Over the years, the back and forth between the city, the courts, the neighbors and Feaganes has become the stuff of legend, captivating preservationists on one side and conservatives on the other, who thought using public funds to fix up private property was the height of government overreach.

On Saturday, as Ickrath opened the mysterious padlocked home for the first time in years, he touched off a spontaneous outpouring among neighbors.

From the outside, the home was a wreck. A barbed-wire fence had been erected to keep out squatters. Boards were missing from its porch, the columns were split, and exposed bare wood was everywhere.

But inside, Ickrath’s flashlight revealed a startlingly different picture: wood floors were solid and didn’t creak or sag; “pocket doors,” which slide into the wall, were intact in the kitchen, and a wide, 10-foot Victorian-era door still separated a front sitting room from the foyer.

Original molding and plaster construction remained on walls, ceilings and a dramatic, steep staircase.

Sadly, damage was also much in evidence. Walls and floors were pockmarked and torn. Thieves had torn open a wall to steal copper pipes. Spots on the ceiling indicated water damage.

Manassas’s 9300 Prescott Ave. home sees likely resolution to weary story - The Washington Post

Still, the new owners rejoiced at the home’s condition while other neighbors took turns blasting the city for almost destroying the place.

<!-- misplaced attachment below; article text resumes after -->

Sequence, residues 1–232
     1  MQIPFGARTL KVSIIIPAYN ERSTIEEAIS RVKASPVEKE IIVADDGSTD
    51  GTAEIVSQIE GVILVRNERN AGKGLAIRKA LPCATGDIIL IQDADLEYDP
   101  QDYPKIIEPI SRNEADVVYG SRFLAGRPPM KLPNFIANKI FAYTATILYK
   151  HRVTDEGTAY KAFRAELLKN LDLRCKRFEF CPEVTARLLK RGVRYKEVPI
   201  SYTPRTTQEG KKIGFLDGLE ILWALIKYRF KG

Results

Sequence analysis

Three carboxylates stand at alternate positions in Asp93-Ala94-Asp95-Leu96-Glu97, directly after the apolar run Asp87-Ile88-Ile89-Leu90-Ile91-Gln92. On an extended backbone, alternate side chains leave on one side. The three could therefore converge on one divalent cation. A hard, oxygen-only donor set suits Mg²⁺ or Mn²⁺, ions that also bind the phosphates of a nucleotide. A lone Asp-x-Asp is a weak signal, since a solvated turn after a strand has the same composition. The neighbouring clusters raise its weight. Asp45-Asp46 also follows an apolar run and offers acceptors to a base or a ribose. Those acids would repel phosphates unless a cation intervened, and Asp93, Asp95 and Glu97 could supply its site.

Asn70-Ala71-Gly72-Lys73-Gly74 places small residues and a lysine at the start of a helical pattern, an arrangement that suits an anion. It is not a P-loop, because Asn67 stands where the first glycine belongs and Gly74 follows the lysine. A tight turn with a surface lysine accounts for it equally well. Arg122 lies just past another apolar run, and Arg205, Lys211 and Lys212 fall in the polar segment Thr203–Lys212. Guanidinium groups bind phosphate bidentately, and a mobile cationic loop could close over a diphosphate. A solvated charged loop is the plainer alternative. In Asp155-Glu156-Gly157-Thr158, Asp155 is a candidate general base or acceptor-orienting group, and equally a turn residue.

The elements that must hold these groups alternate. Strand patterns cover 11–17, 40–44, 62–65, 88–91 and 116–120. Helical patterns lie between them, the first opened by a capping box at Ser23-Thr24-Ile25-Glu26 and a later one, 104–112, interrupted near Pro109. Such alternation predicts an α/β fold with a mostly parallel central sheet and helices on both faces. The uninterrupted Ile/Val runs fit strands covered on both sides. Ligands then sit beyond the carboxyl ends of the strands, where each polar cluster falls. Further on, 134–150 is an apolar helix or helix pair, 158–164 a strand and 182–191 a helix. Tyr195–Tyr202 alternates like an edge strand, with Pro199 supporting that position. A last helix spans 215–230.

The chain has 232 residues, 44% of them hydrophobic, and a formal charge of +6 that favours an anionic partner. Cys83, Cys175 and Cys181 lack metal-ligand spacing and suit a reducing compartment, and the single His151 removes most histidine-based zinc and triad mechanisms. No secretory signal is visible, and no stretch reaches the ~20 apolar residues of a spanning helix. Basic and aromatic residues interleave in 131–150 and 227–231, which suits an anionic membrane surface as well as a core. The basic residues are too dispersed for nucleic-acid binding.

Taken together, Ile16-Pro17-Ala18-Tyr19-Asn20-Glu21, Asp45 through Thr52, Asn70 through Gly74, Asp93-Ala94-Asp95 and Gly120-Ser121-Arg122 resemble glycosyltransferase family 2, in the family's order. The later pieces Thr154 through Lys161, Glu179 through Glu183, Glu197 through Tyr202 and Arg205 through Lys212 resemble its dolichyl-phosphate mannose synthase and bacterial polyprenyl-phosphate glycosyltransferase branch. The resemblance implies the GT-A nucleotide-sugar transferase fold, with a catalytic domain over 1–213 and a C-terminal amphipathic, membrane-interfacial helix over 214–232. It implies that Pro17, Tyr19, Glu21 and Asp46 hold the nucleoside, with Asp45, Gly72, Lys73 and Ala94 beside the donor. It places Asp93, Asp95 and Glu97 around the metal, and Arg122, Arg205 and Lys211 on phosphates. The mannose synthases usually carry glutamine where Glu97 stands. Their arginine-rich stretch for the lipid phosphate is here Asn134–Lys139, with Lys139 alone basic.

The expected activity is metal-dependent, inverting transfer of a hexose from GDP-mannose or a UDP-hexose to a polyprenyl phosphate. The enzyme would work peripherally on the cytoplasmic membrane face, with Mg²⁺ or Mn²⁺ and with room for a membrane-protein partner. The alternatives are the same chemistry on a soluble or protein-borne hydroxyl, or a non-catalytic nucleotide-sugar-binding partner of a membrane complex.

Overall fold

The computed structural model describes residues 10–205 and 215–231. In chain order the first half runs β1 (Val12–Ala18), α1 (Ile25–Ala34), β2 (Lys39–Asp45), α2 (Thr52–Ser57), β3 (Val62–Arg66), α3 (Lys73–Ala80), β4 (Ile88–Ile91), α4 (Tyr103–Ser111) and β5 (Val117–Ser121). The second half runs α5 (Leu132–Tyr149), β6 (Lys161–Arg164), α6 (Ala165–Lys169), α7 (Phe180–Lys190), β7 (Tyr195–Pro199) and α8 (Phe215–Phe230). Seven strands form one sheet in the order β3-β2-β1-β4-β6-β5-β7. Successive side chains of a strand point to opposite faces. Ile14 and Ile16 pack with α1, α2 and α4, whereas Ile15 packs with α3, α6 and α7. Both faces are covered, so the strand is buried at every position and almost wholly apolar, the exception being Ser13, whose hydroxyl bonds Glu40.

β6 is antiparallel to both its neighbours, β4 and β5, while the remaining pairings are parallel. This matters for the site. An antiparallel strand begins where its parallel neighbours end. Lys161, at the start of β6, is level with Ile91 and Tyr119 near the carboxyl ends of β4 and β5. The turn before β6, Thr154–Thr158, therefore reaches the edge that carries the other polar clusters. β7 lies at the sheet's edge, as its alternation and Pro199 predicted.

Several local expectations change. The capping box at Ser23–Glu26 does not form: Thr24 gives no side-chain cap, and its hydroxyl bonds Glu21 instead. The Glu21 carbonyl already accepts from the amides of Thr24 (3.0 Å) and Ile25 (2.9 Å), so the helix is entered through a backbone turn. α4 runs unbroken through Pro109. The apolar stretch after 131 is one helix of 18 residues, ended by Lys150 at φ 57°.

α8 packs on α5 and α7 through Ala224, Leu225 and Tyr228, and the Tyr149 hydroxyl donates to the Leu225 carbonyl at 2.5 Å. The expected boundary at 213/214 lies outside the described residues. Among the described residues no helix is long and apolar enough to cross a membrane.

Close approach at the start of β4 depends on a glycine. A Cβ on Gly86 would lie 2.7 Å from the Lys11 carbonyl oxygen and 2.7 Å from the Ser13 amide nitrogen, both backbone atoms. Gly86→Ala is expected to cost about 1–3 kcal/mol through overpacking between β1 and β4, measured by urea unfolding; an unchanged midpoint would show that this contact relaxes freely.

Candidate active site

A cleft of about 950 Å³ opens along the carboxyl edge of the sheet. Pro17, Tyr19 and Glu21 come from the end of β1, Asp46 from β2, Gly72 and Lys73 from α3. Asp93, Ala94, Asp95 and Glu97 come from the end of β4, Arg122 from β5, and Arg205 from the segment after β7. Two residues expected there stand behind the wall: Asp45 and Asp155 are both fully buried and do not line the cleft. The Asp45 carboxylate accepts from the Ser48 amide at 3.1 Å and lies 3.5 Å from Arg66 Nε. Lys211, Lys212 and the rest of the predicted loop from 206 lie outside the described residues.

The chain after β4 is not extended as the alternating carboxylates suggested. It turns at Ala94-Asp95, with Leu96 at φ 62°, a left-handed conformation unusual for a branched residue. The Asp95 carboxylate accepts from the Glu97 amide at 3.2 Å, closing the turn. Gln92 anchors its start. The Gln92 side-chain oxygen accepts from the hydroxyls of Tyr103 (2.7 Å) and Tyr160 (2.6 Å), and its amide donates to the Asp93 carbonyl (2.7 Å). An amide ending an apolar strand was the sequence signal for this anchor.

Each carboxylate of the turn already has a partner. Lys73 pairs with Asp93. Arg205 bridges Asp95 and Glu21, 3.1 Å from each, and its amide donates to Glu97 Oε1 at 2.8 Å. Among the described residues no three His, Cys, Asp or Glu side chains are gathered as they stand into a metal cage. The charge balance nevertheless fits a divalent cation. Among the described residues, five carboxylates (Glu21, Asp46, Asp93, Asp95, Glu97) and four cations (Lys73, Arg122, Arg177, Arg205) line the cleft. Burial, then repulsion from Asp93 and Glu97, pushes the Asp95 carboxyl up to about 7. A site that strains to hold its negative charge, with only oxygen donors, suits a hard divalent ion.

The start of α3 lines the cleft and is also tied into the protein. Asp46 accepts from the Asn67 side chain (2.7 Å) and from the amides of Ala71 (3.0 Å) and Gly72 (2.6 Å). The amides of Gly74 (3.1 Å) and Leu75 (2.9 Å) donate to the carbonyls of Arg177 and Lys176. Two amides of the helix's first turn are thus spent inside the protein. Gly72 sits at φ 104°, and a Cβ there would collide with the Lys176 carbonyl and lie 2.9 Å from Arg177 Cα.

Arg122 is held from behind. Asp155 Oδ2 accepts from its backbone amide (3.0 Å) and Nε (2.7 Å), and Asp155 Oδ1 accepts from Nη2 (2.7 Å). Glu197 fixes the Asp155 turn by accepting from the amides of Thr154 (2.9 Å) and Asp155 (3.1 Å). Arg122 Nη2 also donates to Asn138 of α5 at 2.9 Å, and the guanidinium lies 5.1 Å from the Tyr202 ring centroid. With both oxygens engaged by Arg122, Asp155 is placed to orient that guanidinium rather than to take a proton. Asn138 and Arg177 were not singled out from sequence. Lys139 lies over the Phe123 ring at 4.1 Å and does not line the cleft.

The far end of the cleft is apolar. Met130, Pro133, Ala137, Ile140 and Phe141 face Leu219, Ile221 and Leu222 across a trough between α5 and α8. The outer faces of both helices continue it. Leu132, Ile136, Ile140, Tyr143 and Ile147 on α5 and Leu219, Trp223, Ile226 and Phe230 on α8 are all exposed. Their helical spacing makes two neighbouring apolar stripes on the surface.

Many had thought that the home was already on its way to repair. An anonymous Virginia man, dubbed the Mysterious Anonymous Benefactor, a friend of Dorothy Feaganes’s late husband, saw a newspaper article about the place and offered to restore it to allow Feaganes to live out her remaining years there this spring. Permits were filed. Work commenced.

Feaganes, in her late 80s and in poor health, died soon thereafter. The work stopped. Feaganes’s children didn’t seem to want to take on the project, said their mother’s former lawyer.

Efforts to reach the Feaganes family were unsuccessful.

City Manager John Budesky said the home would be demolished the first week of June if the Feaganes family didn’t find a solution.

That’s when Ickrath sprung into action with renewed fervor. He managed to have the short sale approved on Friday after much cajoling, more than a dozen phone calls to Terry Feaganes, and rushed back-and-forth negotiations with the city and the house’s bank, Reverse Mortgage Solutions.

Last year, Manassas Mayor Harry “Hal” Parrish II (R) stunned many when he broke a 3 to 3 council tie on the issue, saying the house must be fixed or the city would demolish it under state blight laws.

Parrish said Saturday that a “private-sector solution” is one he has always advocated for and was glad it had come to pass.

“You have to give [Ickrath] great credit,” he said.

Ickrath wasted little time this weekend. Freshly stacked plywood sat in his truck Saturday, and workers passed the pieces, two at a time, under the fence. Work commenced immediately on the dilapidated porch.

Ickrath and the others hope to restore the house and then sell it to a family. As with all things Prescott House, the city has issued another ultimatum: Ickrath has 30 days to fix the porch and a back stoop, and secure a crumbling chimney. He has 45 days to put in new windows and make the place presentable. It’s a short time frame. But Ickrath said he has been assured by experts — some of whom live in the neighborhood — that it can be done.